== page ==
FedEx Corp. has reached an out-of-court settlement with a class of plaintiffs over allegations that FedEx overcharged commercial customers by misclassifying their shipments as residential deliveries to extract higher surcharges from the shippers.
Both FedEx and Steven J. Rosenwasser, an Atlanta attorney representing two FedEx customers—law firms in Oakland, Calif., and Alpharetta, Ga., an Atlanta suburb—confirmed the out-of-court settlement. Rosenwasser said today that the parties are finalizing the appropriate documentation and that details of the settlement will be disclosed probably within the next one to two weeks.
A federal district court in Memphis, Tenn., must first approve the settlement on a preliminary basis. Notice is then given to members of the class, and then the court issues a final approval.
Last December, attorneys filed a 170-page complaint charging that Memphis-based FedEx and its corporate support division, FedEx Services, illegally mis-rated tens of millions of commercial transactions as residential deliveries so it could collect millions of dollars in illicit overcharges. The behavior went on for years despite repeated warnings from inside the company that it had become a systemic issue that was actually being encouraged by executives, according to the allegations.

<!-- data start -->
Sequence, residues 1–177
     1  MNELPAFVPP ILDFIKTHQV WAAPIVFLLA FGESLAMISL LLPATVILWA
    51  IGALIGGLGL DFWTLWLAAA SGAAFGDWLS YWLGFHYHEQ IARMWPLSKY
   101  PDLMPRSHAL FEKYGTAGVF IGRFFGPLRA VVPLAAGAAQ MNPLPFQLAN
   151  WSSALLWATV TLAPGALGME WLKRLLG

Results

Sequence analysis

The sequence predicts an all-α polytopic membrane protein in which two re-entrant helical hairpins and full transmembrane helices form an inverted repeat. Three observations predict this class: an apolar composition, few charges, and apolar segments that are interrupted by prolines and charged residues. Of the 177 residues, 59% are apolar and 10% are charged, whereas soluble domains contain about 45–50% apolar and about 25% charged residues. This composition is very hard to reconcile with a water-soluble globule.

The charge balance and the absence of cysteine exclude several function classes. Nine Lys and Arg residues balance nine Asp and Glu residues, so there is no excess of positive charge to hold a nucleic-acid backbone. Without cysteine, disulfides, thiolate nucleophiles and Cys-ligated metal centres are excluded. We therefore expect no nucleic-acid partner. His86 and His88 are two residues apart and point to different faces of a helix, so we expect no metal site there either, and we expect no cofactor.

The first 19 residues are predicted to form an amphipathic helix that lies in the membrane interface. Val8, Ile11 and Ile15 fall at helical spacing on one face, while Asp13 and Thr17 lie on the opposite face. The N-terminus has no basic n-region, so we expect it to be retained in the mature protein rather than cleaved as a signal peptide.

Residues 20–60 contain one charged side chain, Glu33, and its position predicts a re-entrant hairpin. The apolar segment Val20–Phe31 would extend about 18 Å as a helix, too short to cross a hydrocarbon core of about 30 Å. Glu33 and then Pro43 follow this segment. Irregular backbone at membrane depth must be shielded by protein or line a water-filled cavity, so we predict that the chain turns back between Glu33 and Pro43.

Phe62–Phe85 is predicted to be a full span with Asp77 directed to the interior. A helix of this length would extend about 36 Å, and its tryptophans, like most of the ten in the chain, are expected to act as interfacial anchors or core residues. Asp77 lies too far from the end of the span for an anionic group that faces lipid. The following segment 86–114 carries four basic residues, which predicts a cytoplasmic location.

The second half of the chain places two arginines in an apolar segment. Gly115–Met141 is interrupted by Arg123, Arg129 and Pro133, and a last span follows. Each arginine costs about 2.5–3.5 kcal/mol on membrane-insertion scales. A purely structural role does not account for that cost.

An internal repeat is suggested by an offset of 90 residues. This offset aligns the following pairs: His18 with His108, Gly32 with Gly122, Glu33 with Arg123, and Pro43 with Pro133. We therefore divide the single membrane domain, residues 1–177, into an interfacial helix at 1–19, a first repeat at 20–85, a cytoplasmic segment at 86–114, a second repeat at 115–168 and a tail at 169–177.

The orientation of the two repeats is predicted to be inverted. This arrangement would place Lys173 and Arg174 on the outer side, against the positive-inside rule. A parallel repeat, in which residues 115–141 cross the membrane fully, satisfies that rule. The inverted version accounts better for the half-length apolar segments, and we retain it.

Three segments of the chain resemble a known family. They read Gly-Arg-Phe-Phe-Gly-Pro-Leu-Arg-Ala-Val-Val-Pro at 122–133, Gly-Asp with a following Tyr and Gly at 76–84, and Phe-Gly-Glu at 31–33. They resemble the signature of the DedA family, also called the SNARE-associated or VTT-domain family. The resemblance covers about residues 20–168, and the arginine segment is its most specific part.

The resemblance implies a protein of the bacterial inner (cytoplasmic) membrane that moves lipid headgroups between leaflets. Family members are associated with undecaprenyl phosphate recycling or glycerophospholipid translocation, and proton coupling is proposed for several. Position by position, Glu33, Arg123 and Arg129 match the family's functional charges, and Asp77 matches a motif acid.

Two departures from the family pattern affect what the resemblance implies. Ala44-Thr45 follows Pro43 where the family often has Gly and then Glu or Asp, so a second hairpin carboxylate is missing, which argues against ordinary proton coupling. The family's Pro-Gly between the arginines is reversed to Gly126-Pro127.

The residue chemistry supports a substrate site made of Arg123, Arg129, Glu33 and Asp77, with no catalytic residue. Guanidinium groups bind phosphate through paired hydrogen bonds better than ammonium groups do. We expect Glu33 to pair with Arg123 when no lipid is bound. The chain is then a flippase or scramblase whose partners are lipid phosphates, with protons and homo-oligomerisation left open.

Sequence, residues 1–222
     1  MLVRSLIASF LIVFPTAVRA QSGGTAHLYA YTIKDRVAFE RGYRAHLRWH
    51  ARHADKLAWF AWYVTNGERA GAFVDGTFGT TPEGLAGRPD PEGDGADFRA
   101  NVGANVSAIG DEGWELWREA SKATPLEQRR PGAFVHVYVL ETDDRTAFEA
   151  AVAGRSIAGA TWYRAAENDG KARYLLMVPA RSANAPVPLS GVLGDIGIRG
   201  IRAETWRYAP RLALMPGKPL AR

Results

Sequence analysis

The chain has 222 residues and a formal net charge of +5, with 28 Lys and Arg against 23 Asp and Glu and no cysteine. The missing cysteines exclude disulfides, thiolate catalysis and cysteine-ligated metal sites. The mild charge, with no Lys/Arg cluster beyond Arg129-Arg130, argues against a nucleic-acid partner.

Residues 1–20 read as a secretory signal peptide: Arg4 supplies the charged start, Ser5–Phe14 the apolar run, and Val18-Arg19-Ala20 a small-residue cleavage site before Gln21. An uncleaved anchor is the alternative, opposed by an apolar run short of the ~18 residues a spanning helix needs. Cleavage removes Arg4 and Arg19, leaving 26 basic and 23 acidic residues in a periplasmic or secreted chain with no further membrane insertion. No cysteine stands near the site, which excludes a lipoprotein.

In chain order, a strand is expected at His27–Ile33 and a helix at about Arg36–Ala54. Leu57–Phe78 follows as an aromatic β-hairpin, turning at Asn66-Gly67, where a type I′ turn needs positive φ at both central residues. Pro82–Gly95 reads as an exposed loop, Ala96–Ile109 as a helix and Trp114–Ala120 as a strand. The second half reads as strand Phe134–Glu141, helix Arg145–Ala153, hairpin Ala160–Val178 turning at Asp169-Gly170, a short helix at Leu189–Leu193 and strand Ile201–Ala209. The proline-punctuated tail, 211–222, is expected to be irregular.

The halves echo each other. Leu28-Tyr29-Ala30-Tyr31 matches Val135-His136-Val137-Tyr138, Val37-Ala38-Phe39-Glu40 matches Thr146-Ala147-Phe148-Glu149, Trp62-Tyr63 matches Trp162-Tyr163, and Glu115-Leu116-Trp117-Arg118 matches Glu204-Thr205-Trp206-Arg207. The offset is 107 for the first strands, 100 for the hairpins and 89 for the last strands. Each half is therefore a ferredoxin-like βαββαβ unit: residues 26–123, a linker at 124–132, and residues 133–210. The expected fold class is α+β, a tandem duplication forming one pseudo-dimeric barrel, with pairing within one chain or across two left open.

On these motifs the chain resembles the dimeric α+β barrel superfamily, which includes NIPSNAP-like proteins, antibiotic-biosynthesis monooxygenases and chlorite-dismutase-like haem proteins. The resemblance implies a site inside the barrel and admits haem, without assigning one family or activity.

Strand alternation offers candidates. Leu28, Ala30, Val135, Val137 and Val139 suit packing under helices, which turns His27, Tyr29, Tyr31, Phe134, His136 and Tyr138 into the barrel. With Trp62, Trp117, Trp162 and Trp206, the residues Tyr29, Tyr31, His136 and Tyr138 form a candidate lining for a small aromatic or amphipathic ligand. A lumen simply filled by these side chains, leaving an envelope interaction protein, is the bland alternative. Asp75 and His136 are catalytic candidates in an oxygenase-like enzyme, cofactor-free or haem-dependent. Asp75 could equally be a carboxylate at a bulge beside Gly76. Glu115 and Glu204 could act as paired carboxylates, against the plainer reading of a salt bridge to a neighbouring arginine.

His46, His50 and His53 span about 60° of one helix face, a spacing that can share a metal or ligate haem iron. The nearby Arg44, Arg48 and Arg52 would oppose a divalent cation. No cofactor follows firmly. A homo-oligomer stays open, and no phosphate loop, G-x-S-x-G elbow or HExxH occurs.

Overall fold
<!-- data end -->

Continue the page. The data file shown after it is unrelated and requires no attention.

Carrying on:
The 2012 complaint was filed under the federal Racketeer Influenced and Corrupt Organizations Act, commonly known as RICO. If a civil action under RICO is successful, a plaintiff or plaintiffs can collect "treble damages," which are damages tripling the amount of actual and compensatory damages.
The legal dispute began in February 2011, when the Alpharetta firm, which specializes in immigration law, filed a breach of contract suit against FedEx and FedEx Services. The law firm said the carrier and the unit misclassified commercial shipments as residential deliveries to collect higher surcharges.
Residential surcharges are generally higher than commercial surcharges because residential deliveries are deemed more costly for the carrier to make because the locations are often harder to reach and there is a lack of delivery density.
Delivery surcharges are one of many "accessorial fees" levied by parcel carriers to offset the cost of services beyond basic pickups and deliveries.